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Jennifer Dixon Researches Explanations, Impact of Controversial National Histories
Author: Meredith Blake
Belfer Center Programs or Projects: International Security
Jennifer Dixon is a research fellow with the Belfer Center's International Security Program, analyzing how nations deal with controversial pasts.
New Jersey native Jennifer Dixon credits a dedicated and enthusiastic high school teacher with her initial interest in government and politics. Dixon said this class sparked her initial interest in studying politics, which eventually led to her decision to major in government as an undergraduate at Dartmouth College.
In college, Dixon focused almost entirely on American politics, until a semester at the London School of Economics piqued her interest in comparative politics and international relations. She studied Turkish during her junior year, and as a result of this semester abroad, she developed an academic interest in Turkish politics and history in her final year of college. After working in New York City for four years, Dixon started graduate school in political science at the University of California, Berkeley.
She studied comparative politics and international relations, while continuing to focus on Turkish politics.
When the time came to write her dissertation, Dixon was intrigued by the ways in which the Armenian genocide has been dealt with in Turkey's domestic politics and foreign relations. Moreover, despite its importance, the issue has only recently begun to be discussed openly in Turkey, let alone studied.
As a result, Dixon decided to analyze how states' narratives of shameful pasts change over time, the dynamics of contestation over such narratives, and the meaning of these debates for contemporary politics. However, as a student of comparative politics, Dixon did not want to study Turkey's narrative in isolation. She decided to compare it with Japan's narrative of the Nanjing massacre and its invasion of China during World War II, since there are a number of similarities -- and a few key differences -- between the two cases.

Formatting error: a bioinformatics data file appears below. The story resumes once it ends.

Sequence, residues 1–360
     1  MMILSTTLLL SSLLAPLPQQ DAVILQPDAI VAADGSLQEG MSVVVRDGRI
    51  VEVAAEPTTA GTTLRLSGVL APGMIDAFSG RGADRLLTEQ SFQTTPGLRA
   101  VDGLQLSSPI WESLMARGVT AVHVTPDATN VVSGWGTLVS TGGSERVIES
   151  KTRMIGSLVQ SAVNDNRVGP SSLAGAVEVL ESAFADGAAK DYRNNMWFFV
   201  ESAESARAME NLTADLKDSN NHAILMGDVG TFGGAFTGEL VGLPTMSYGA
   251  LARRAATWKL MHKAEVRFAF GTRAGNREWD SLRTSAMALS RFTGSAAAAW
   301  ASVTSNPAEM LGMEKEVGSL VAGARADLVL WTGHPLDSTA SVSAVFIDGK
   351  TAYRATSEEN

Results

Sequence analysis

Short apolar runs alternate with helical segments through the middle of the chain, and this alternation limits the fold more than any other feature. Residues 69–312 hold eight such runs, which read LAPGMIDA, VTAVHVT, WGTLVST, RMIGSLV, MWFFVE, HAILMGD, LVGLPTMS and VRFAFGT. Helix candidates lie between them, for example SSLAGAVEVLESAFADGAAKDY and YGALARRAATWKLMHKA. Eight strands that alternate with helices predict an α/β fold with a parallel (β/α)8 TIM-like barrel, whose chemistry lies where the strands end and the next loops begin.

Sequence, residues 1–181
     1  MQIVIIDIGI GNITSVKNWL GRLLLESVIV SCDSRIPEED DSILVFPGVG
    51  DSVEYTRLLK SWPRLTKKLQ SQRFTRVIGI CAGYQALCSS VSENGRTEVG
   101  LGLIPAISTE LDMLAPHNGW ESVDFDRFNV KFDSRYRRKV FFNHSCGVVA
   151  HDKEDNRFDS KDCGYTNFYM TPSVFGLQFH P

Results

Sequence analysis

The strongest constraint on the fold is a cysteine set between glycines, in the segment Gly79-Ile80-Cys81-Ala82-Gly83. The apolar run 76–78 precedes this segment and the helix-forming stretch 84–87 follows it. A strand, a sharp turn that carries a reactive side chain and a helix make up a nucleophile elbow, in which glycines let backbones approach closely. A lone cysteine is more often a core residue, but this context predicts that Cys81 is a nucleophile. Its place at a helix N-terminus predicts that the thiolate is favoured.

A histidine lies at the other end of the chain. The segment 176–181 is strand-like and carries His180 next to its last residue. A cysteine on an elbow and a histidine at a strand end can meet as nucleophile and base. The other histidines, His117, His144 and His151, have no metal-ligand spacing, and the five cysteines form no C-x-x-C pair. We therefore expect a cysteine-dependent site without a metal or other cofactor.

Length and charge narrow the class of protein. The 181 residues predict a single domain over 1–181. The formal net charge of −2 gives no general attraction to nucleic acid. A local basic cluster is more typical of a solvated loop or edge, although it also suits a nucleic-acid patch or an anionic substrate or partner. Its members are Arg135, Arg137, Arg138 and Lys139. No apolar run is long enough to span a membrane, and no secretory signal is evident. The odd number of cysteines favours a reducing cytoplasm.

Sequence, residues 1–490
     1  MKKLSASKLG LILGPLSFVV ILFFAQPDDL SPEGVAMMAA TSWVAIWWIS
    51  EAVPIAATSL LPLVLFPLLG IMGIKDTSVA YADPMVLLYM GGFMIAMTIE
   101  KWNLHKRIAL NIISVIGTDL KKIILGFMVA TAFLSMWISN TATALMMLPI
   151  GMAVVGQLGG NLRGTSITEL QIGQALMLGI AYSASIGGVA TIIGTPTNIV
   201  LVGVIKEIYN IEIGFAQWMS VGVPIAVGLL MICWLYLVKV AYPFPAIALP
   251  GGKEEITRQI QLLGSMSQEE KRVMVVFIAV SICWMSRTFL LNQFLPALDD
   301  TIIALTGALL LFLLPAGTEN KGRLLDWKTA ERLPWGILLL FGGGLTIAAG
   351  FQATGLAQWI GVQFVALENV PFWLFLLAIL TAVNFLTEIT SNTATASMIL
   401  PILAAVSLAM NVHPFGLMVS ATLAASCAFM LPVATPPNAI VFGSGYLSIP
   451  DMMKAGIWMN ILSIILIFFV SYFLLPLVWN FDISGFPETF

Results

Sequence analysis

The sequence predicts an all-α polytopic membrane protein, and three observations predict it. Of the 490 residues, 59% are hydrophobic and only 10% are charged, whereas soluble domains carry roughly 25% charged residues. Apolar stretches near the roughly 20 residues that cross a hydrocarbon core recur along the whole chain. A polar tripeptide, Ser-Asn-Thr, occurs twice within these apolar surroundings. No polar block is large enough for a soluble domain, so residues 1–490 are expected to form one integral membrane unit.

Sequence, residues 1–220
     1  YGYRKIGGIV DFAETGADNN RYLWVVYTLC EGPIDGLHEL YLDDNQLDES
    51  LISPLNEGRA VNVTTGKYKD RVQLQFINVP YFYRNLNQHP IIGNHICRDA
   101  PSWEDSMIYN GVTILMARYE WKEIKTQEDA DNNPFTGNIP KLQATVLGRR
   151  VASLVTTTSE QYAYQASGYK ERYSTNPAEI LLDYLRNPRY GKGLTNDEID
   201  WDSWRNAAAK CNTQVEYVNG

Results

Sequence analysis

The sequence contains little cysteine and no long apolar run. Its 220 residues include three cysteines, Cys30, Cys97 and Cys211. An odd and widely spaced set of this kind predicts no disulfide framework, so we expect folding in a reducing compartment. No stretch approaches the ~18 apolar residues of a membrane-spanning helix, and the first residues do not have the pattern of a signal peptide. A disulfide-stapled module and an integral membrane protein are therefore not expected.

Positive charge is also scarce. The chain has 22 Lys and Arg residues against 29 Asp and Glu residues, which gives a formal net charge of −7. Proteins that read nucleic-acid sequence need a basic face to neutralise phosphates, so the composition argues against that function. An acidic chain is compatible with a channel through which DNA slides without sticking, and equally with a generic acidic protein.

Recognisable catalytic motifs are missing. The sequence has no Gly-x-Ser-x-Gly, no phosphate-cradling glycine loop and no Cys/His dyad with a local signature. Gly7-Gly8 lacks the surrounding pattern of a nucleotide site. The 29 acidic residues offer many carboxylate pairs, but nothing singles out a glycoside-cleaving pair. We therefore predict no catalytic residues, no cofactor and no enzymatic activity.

"As I progressed in my research, I realized that the threat of violence (and in some cases, actual violence) was one domestic factor -- among many -- accounting for the striking continuities in both of these narratives," Dixon said. The International Security Program (ISP) at the Belfer Center has given Dixon access to a broad group of scholars working on Turkish politics, the Armenian genocide and Sino-Japanese relations. "I have been able to interact with and learn from scholars who are doing interesting work on different aspects of foreign policy and international relations," Dixon said. Her future plans include a career in political science that will combine teaching and research. For additional information about Dixon's research, see http://belfercenter.ksg.harvard.edu/experts/2084/
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